BBC's most experienced correspondents bring you compelling interviews on every subject. From devastating natural disasters to inspiring triumphs of the human spirit, BBC Newshour has the world covered.
Hosted by a rotating group of seasoned BBC journalists
Rescue workers in Thailand are assessing how best to get a group of boys out of the flooded cave network in which they're trapped.
The twelve boys and their football coach have received medical treatment and food for the first time in ten days.
Also on the programme: as the deaths mount in Nicaragua, we have a rare chance to put questions to a senior minister, and a senior UN official on the deepening disaster of Yemen.
(Photo: Rescue operation continues Credit: European Photopress Agency)
Poland's prime minister has defended judicial reforms in his country, which require judges to retire when they turn sixty-five. He claimed that communist-era judges still sit in the country's Supreme Court.
The EU has accused Poland trying to control the judiciary and subvert democratic standards, with 40% of Supreme Court judges expected to be forced out.
Also on the programme: British authorities investigate another poisoning in the Wiltshire area, and we take a look at the new female mayor of Tunis.
(Photo: Protests against Polish judicial reforms, Credit: EPA)
China accuses US of starting the biggest trade war in history and imposes retaliatory tariffs on American goods.
Also on the programme: former Pakistani PM Nawaz Sharif sentenced to ten years in prison for corruption; and crunch time for the British government's Brexit plans.
(Photo: The flags of China and the US. Credit: Getty Images)
Charlie Rowley, 45, and Dawn Sturgess, 44, collapsed at a house in the English county of Wiltshire on Saturday and remain critically ill. British police say the pair likely handled an item exposed to Novichok.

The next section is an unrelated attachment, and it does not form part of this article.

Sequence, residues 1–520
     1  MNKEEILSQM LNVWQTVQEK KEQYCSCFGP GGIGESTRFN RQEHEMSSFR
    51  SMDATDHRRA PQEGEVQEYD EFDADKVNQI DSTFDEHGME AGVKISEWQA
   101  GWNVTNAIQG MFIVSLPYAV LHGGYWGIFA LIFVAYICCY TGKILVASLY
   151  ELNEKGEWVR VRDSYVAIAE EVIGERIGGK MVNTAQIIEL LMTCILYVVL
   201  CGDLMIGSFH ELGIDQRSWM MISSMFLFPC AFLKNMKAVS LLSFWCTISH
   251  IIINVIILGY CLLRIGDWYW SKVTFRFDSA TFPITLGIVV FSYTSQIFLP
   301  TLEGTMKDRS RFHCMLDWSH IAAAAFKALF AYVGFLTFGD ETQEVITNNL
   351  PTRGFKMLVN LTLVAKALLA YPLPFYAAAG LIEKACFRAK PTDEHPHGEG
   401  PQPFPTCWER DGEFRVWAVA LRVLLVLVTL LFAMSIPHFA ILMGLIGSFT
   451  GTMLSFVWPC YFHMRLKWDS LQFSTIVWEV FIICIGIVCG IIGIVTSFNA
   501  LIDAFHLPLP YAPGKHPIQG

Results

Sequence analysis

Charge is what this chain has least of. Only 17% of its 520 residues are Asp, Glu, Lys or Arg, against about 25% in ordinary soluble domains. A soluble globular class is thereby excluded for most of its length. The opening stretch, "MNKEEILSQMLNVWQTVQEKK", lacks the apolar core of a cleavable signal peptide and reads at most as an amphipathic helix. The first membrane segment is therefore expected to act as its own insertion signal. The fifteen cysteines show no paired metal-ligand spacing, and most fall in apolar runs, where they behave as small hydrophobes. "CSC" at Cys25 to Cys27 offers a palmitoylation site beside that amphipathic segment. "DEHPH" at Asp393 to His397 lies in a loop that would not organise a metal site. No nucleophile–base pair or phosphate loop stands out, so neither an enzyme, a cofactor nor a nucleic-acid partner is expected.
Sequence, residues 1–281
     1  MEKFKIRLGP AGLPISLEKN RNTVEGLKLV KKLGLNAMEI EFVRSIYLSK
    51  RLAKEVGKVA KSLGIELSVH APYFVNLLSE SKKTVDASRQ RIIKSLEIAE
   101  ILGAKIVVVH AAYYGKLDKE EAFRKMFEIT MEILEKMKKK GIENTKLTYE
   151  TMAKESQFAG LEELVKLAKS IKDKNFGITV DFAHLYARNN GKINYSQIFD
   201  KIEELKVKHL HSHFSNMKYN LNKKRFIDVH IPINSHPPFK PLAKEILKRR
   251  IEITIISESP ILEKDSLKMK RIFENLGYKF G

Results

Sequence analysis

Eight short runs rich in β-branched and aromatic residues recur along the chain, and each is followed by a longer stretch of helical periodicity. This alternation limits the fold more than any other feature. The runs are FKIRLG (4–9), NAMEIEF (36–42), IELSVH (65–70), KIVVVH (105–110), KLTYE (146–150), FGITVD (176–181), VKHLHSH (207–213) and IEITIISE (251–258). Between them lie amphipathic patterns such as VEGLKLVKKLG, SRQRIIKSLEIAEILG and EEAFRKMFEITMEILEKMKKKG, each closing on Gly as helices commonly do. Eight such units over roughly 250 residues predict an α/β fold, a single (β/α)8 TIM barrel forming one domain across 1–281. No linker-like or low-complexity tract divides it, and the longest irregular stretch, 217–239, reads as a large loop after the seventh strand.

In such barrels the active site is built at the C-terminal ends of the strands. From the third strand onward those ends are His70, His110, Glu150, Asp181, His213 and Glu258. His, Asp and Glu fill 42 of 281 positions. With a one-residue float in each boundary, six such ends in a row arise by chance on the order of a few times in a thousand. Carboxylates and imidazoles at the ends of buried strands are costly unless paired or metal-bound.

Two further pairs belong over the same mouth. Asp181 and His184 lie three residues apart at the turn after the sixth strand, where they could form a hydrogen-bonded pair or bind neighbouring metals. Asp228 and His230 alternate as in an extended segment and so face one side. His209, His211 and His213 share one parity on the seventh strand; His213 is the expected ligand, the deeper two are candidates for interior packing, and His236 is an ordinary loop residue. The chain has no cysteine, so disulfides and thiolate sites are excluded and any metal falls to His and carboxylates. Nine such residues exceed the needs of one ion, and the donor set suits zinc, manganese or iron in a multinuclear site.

Also in the programme: Scandal-hit Scott Pruitt has resigned as head of the US Environmental Protection Agency; Boeing has agreed a deal that will give it control of Brazil's plane-maker Embraer; and a variety of banana considered crucial for the future of the fruit now at risk of extinction.
(Photo: the biohazard warning symbol. Credit: Science Photo Library)
Britain's home secretary has said the nerve agent that caused two people to become critically ill in southern England on Saturday is the same as that used to poison a former Russian spy and his daughter earlier this year.
Also in the programme: A community rallies around as preparations are made to rescue the youth football team stuck in a cave in Thailand; and the French film-maker Claude Lanzmann has died at the age of 92
Picture: Police officers guard the entrance to a housing estate on Muggleton Road, after it was confirmed that two people had been poisoned with the nerve-agent Novichok, in Amesbury. Credit: Reuters.
The head of Poland's Supreme Court has arrived for work surrounded by hundreds of supporters, rejecting a controversial new law forcing dozens of senior judges to retire early. The Polish government says the changes are needed to update an inefficient system.
Also in the programme: why increasing numbers of migrants are using a new route via Bosnia to try to get into the EU; and a major new discovery about the early life of the Milky Way galaxy.
Picture: People demonstrate in front of the Polish Supreme Court building in Warsaw. Credit: AFP.